It all started with MateDealer 1.0 with all its original electronics extended by an MDB implementation. The controller died for some unknown reason and the MateDealer sat there in an pitiful state for a quite long time.
Then we decided to build our own new controller board based on an Arduino Mega2560 and an Alix 3d3. MateDealer 2.0 was born. This itteration never took of as we had problems getting the communication between the Arduino and the PC working flawlessly.
Again the MateDealer was out of order for a couple of years, until we decided to take a third attempt to get it up and running. Here’s what we came up with!
- Based on a RaspberryPi 3B+
- Custom Hat designed to fit our machine (might work for yours as well)
- 24VAC powered
- Bridge rectifier for ~22VDC
- DC-DC StepDown converter for 5VDC
- NFC Reader for authentication
- Control for 5 slot motors via relays
- TR5 fuses to protect the moters in case of a jam
- Control for the cooler via another relay
- 5 inputs for motor home position switches
- 5 inputs for slot empty switches
- 5 inputs for product selection buttons
- LED’s for every output and input
- 1-Wire port for temperature measurement
- I2C port for later addons
The HAT in all its beauty
The HAT stacked on top of the RaspberryPi and mounted to the inside of the machine using M2.5x12mm distance bolts
The wiring of the product selection buttons
The wiring of the motors, the home postion switches and the slot empty switches
A close up of the motor wiring
The 1-wire temperature sensor
The external relay that switches the cooler
The procedure of getting a cool drink
- The person approaches the machine and swipes a NFC Tag
- The reader beeps, signaling the person that its ready
- The person selects a drink via one of the 5 buttons at the front
- The machine dispenses the selected bottle from the slot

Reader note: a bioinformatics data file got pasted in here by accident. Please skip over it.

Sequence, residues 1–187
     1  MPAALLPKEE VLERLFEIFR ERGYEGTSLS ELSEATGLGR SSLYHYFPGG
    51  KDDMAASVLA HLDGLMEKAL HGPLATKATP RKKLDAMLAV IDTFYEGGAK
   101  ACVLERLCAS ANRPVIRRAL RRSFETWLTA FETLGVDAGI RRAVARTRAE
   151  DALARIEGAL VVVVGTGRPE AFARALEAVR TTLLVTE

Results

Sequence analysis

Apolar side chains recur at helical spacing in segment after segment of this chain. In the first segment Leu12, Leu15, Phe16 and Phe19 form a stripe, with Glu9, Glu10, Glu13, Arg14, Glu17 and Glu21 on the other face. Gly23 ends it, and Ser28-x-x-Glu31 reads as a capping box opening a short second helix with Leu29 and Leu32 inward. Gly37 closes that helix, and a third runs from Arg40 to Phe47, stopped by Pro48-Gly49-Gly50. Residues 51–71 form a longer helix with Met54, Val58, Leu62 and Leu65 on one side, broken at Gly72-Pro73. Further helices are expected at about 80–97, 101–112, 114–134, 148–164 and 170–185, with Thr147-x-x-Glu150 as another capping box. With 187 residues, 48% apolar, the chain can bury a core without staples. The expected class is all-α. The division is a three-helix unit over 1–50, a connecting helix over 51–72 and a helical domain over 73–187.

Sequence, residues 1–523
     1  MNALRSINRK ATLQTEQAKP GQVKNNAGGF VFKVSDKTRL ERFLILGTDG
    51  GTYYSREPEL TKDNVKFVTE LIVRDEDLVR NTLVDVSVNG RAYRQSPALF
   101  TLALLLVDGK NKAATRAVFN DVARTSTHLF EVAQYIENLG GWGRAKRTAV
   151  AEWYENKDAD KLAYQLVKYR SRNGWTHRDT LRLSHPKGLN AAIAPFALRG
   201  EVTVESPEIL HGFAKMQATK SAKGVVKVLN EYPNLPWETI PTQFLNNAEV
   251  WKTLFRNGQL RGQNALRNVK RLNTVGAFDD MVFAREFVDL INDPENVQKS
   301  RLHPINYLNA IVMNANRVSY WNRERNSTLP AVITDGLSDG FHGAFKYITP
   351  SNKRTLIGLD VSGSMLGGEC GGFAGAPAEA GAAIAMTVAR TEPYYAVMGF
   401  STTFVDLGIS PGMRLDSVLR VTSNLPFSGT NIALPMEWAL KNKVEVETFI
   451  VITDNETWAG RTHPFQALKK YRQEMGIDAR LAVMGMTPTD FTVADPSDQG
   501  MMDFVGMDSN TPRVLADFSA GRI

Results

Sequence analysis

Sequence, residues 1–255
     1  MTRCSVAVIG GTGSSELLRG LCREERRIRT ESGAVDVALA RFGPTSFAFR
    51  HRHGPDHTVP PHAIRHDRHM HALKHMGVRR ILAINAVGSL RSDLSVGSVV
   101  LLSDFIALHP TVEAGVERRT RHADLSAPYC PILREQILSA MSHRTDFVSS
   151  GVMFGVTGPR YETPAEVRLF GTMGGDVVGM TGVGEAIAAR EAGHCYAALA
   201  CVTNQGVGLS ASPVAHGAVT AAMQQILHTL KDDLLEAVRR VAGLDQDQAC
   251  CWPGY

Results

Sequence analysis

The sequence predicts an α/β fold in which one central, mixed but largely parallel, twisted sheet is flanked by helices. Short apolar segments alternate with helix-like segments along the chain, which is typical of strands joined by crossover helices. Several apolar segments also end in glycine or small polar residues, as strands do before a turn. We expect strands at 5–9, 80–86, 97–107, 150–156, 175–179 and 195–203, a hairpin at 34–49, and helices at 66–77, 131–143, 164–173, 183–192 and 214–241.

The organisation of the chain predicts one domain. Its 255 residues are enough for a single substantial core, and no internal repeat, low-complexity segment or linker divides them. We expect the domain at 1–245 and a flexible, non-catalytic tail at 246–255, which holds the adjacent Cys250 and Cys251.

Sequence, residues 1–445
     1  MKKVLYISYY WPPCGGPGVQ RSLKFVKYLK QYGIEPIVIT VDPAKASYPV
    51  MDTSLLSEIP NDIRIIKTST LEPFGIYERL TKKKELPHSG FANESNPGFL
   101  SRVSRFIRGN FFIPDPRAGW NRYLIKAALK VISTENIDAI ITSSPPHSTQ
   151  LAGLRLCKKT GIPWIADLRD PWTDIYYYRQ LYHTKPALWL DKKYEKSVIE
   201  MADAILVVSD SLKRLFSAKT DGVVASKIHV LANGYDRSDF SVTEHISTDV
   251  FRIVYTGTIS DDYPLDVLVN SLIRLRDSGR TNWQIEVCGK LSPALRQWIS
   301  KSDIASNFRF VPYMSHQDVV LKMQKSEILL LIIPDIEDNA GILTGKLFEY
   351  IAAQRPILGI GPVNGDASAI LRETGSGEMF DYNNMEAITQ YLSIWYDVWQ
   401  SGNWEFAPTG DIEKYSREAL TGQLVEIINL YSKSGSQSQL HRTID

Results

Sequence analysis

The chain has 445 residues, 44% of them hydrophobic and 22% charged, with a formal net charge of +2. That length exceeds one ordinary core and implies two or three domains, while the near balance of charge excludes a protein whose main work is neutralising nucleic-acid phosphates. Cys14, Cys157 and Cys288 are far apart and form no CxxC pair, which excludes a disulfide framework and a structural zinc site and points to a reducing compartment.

- The machine writes
product_idto a influx db that runs on actse1
- Happy person consumes the drink
Once every month a script runs on
actse calculating the amount a person has to pay depending on the number of consumed drinks an the costs.
That makes it easy for us to get the money and does not need to handle payments on every vend.
What works so far
We are in a beta phase at the moment.
We finally managed to integrate a ACR-122U USB NFC Reader with the MateDealer that allows us to authenticate a user. We know for sure that using the UID of a NFC badge isn’t very secure but thats not the point for us.
The cooler is controlled depending on the temperature inside of the machine with a hysteresis that is configurable. That allows us to only coll down when its neccessary. The cooler is blocked when nobody is in the hackerspace to save energy or it is not Tuesday between 18:00 and 23:00 which is our main opening hours.
We ordered a 8” HDMI display on AliExpress that will replace the product lables next to the selection buttons. That way we can shwo dynamic product labels an when a vend is ongoing or another information needs to be shown to the users it can be done that way.
We decided to send a measurement to a InfluxDB on every vend that includes
price and a
At the end of the month, we can simply run a (yet to be written) script that fetchs all vend of the past month and sums up the consumption per user.
Our treasurer then can request the amount from the user. We plan to have users to top up a virtual account and the the treasurer wil subtract the amount from the available funds.
That way he does not have to run after people an make them pay afterwards.
We will see how that works out.
We send several values to the InfluxDB to have a log of what is going on, at the moment these are:
- Inside temperature
- Cooler state (on/off)
- Slot states (ok/empty)
Our pwrCMDer runs Home-Assistant, from there we’ve integrated several InfluxDB values as sensors. That allows us to let the pwrCMDer react to state changes. We plan to let it send a information message when a slot runs empty for example (yet to be done) or having the states in our SpaceAPI (already done)
- I didn’t know how much current the motors draw, so I guessed 1A and ordered TR5 fuses with 1A. Turns out the are labled with 5.2A and actually draw 4.9A which on the first try blew all 5 fuses imedialtely.
- I used relays that are rated for 3A because I guessed the actual motor current (and I had dozens of them laying around). I decided to use them directly until they start to fail. If that happens I replace them and use additional relays that are controlled by the small ones.
- I accidentally placed a via that stitches 24VAC to GND which results in a short circuit when one of the relays is switched on. This issue could be easily fixed with a sharp cutter knife.
- Our main server, actse = a computer that serves everything [return]